Jeremy Corbyn’s party is plotting a staggering blowout that would see spending on welfare hit nearly four times the amount that currently goes on the health service. The research was released as Labour admitted it was planning to impose fresh tax hikes to fund a raft of new spending commitments made at its annual party conference in Brighton. Conservative Party chairman James Cleverly warned that the benefits system must give a “safety net to those who need it while being fair to our hardworking taxpayers”.
He added: “Labour’s latest splurge would clobber hardworking people with higher taxes.
“Our welfare system should give people a hand up, not just a hand out. Work gives people structure, security as well as a pay packet.”
Labour’s benefits bombshell includes a so-called universal basic income that would give everyone a fixed sum regardless of their wealth.
John McDonnell has previously announced that the party would trial the scheme if it takes power and picked Liverpool, Sheffield and the Midlands as the first places to test it out.
Tory analysis of trade union investigations into the cost put the estimated price tag for the scheme at around £504 billion a year.
The government in Western Kenya is paying every adult in one village a set monthly amount for 12 years to see if it can help lift them out of poverty.
But a two year trial in Finland, where 2,000 unemployed adults were given £484 a month, was not extended and Canada has scrapped a three-year pilot.
The Conservative dossier also analysed the costs of other key Labour welfare proposals.
Mr Corbyn has rejected planned future increases in the pension age that would mean workers retiring from age 67 or older.
Financial experts have estimated that would cost around £9.9 billion, a 10 per cent hike in costs of the State Pension, or a significant cut in the amount paid out to pensioners.
Around £566 million a year would need to be found to pay for Labour’s promise to increase the Employment and Support Allowance for people who struggle to work because of illness by £30 a week, according to the study.
Pledges on reversing the benefits freeze and reversing a cap on the amount claimants can receive are estimated to cost more than £2 billion.
Mr McDonnell will today (MON) make a further major spending commitment with a £6 billion plan for free personal care for people who need help getting out of bed, washing and feeding themselves.
It would more than double the number of people receiving state-funded support.
But Labour admitted the scheme will be funded through taxes and refused to set out the details of the hikes needed to cover the costs until its next manifesto is released.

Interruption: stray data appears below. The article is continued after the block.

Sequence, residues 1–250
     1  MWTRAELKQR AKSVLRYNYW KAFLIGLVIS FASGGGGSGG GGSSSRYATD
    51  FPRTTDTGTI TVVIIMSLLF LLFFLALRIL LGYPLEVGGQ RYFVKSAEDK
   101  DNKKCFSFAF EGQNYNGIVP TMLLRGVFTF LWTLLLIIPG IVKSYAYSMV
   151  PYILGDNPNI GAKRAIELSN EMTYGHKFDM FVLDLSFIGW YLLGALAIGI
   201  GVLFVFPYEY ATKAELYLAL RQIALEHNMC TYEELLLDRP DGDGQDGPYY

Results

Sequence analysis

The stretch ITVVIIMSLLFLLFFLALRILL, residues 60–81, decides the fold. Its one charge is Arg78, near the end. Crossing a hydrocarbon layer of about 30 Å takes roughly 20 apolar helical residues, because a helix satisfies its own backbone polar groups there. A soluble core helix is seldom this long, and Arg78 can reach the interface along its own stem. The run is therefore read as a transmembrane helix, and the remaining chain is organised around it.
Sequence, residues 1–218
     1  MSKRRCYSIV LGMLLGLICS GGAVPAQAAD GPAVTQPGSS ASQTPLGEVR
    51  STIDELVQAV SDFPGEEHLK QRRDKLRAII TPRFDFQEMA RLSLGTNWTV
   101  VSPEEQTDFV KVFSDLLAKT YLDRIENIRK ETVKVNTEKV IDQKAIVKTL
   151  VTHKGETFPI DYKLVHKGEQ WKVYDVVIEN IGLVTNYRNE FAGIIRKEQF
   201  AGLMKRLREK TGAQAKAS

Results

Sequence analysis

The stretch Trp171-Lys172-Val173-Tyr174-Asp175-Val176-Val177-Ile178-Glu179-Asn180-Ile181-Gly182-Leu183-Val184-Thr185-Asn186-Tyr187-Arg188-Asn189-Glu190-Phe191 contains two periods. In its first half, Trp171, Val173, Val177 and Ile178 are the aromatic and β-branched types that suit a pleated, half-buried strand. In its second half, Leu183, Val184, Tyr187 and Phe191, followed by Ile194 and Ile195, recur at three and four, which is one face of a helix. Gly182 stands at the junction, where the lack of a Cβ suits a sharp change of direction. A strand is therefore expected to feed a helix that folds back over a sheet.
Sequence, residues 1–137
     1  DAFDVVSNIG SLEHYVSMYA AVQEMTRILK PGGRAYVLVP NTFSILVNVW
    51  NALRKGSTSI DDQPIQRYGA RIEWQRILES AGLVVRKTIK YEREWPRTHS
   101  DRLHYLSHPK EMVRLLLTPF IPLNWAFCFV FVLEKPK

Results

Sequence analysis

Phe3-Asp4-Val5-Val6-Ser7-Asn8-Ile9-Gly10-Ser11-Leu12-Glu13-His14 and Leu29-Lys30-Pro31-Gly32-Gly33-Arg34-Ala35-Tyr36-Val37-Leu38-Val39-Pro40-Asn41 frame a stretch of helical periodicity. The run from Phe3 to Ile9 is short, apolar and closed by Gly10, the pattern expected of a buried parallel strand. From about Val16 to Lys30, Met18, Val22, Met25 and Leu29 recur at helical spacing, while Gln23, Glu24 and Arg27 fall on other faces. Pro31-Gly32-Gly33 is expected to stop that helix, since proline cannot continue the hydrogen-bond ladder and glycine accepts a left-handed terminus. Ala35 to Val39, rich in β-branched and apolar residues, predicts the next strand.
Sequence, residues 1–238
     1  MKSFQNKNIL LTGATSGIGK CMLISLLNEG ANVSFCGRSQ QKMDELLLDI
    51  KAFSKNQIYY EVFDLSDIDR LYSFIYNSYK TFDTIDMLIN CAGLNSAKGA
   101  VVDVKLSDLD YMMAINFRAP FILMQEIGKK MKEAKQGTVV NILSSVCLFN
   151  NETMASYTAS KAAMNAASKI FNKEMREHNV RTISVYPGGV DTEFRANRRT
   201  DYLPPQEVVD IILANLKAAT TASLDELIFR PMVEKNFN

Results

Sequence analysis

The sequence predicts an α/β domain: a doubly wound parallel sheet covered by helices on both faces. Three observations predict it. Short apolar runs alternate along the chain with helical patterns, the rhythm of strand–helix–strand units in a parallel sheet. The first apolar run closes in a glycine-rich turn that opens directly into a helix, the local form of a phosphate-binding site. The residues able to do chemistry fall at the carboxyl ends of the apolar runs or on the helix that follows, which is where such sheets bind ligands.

Mr McDonnell will tell party activists: “As the first building block in our new National Care Service the next Labour government will introduce personal care free at the point of use in England.”
Shadow health secretary Jon Ashworth announced a £745 million plan to scrap prescriptions in England and said it would be paid for by a “fairer tax system”.
Prescriptions cost £9 per item for patients who do not qualify for an exemption.
Mr Ashworth refused to set out how the policy would be paid for.
He said: “When we get to a general election John McDonnell will outline the taxation changes we will be proposing to fund our investment in public services.”
On a day of bitter in-fighting at the party conference, the shadow cabinet desperately scrambled to draw attention away from its divisions with a series of announcements on the justice system.
Shadow justice secretary Richard Burgon said Labour would “reverse all the Conservative cuts to legal aid-funded early legal help” within the first 100 days of winning a general election.
He also announced a Labour government would provide £20 million for “people’s law centres” and fund training contracts for 200 new community lawyers.
But the party was accused of being “soft on crime” after Mr Burgon announced he would scrap short prison sentences.
Around 54,000 criminals were sent to jail for less than 12 months in 2017, according to government figures.
Mr Burgon said: “Sending people to prison for a few weeks is often the worst way to tackle the drug addictions, mental health and debt problems that lead to people to commit certain crimes in the first place.”
But the plans show Labour is preparing to let criminals escape proper punishment, according to the government.
Justice Minister Wendy Morton said: “This is yet another example of Labour being soft on crime.
“They would leave criminals on our streets, fail to punish them for their crimes, and let too many of them out of prison early.
Just two days into the conference the party has already set out policies that would cost £8 billion over a five year term.
As well as free prescriptions and legal reforms, it has set out a £750 million a year plan to give interest free loans for electric vehicles, a £272 million three year scheme to train an extra 1,500 GPs, and a one off £20 million payment for a female offender strategy.
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